While still maintaining the product line’s general aesthetic from its previous generations, Zero Motorcycles has refined and polished its electric motorcycles for 2012. This is primarily due to the Zero’s limited amount of time to further develop its 2011 models for the 2012 model year (roughly nine months says the Californian company), but still Zero has been able to revise most of the Zero S’s components to warrant this year’s models to be visually and functionally set apart from its predecessors.
This bodes well for Zero Motorcycles, because bluntly, the startup has had extremely unrefined and unpolished motorcycles from its inception to the 2011 model year (if you heard otherwise from somewhere else, they were trying to sell you something). Walking up to the 2012 Zero S, it is immediately clear that the electric motorcycle has been touched by people who understand motorcycles. Gone are the on/off switches marked in Sharpie (I wish I was making this up), though you’d be hard-pressed to find top-shelf components on the Zero line. This makes for a mixed response regarding the bike, from a visual perspective.
At $13,995 MSRP for the base model Zero S ZF9 ($14,095 as shown), the level of quality of the components found on the 9kWh version of the 2012 Zero S is a bit disappointing, in fact bonus points to any reader that has even heard of some of these part manufacturers before today. Since parity is such an issue with electrics right now, it is important to note that at this price point a Zero owner could have gone out and bought a Ducati or Triumph instead of the electric alternative. Though with the general rule of thumb being roughly $1000/kWh retail in batteries, you can tell where that price tag on the Zero S is going towards, which is just the nature of the beast with electrics.
While I would not accuse any of the current or past Zero’s of being particularly ugly machines, they certainly are not blowing away anyone’s visual senses. That being said, the 2012 Zero S certainly has made steps towards improvement with some of its more subtle changes, most notably the concealed brick of a battery pack. Perhaps the best element on the bike were the ruby red wheels — they pop, daddy like, ’nuff said.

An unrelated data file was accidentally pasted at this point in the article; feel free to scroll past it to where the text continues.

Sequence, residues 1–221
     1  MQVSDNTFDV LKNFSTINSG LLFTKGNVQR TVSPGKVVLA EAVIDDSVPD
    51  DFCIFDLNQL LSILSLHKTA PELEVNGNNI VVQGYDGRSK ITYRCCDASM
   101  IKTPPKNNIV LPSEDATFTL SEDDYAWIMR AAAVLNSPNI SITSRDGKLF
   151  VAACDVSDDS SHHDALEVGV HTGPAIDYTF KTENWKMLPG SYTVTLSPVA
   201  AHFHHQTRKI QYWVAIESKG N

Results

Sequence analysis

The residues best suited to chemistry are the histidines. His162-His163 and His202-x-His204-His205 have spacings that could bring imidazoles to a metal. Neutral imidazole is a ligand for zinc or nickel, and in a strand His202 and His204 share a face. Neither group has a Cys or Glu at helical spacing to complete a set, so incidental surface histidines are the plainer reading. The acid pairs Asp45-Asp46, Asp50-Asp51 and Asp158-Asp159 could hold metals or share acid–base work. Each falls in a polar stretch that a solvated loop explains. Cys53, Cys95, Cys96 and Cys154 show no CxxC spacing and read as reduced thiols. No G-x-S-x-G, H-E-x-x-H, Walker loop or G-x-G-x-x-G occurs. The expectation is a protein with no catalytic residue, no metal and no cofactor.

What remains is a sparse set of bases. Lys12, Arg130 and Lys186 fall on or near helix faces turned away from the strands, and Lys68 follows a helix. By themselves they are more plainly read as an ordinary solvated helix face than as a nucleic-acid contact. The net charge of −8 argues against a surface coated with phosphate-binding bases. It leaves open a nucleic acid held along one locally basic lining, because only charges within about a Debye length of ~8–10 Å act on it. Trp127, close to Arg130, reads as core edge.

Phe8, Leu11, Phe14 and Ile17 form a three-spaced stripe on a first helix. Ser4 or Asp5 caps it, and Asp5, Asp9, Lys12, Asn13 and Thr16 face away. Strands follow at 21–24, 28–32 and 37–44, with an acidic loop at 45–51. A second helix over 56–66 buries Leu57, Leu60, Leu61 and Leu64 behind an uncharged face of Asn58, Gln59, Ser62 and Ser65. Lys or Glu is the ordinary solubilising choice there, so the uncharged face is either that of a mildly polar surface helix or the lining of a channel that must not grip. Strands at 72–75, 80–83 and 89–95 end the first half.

However, other elements like the rear mudguard/taillight assembly (second picture down) and kickstand seemed like total after-thoughts. Nit-picky? Sure, but it only takes a few cheaply made parts for the entire machine to then convey the same overall experience. Since the Zero kickstand has survived every model of the bike to this date, I would implore the Scotts Valley company to drop its home-made design, and use and off-the-shelf unit.
Squeaking with every operation (cheap spring), and far too short for an easy kick deployment, the kickstand on the Zero S is somehow too tall as well, which can make parking on uneven surfaces precarious at best. It also dangles off the bike in an absurd manner, and easily reduces your lean angle when you get into the fun twisty sections of your favorite road. An entire two paragraphs about a kickstand? Yeah, that just happened. You will understand what I mean when you ride one.
A huge rear sprocket, a headlight off a Yamaha, wave rotors fore and aft — we’d recommend it without the windscreen for that true street-naked look. The cylinder tubes in the frame and swingarm are perplexing at first (this social sciences major would hazard a guess at some function property they provide). This is of course until you realize you can stash an extra power cord coiled up and wedged into the frame, which proved on more than one occasion to be a lifesaver (fourth picture down).
Overall I am one-part excited that Zero has refined its build quality to truly reflect a company that has had ten’s of millions of dollars invested in it (this saves me future articles on the subject), but the other part of me is generally underwhelmed by the bike visually, and the quality still isn’t on par with ICE bikes that go for nearly a quarter of the price (stay tuned for the ride report).
From an industrial design point-of-view, all of the negatives about the 2012 Zero S can easily be addressed in the 2013 model, which is expected to start with a much cleaner slate (not to mention more lead-time in its development) — this doesn’t help the 2012 product much though. Stuck with a premium price point on a product that competes with entry-level motorcycles (think Kawasaki Ninja 250R), Zero is certainly in a quandary when it comes to the Zero S’s design elements and part suppliers. That’s the excuse of course, and it is a valid one, but unfortunately it doesn’t do much for the consumer. Let it be said though that Zero has made progress with its products — maybe just not enough. I am still on the fence with this one from a visual critique.
Photos: © 2012 Jensen Beeler / Asphalt & Rubber – Creative Commons – Attribution 3.0